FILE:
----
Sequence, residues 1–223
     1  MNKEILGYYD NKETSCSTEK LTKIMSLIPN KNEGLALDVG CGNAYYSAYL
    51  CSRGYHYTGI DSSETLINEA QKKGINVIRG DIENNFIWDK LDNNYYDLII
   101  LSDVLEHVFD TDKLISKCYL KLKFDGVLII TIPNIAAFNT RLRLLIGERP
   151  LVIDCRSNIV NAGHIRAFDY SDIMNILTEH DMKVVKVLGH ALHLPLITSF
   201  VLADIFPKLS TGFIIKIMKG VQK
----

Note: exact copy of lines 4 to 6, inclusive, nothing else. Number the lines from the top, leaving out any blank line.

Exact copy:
   101  LSDVLEHVFD TDKLISKCYL KLKFDGVLII TIPNIAAFNT RLRLLIGERP
   151  LVIDCRSNIV NAGHIRAFDY SDIMNILTEH DMKVVKVLGH ALHLPLITSF
   201  VLADIFPKLS TGFIIKIMKG VQK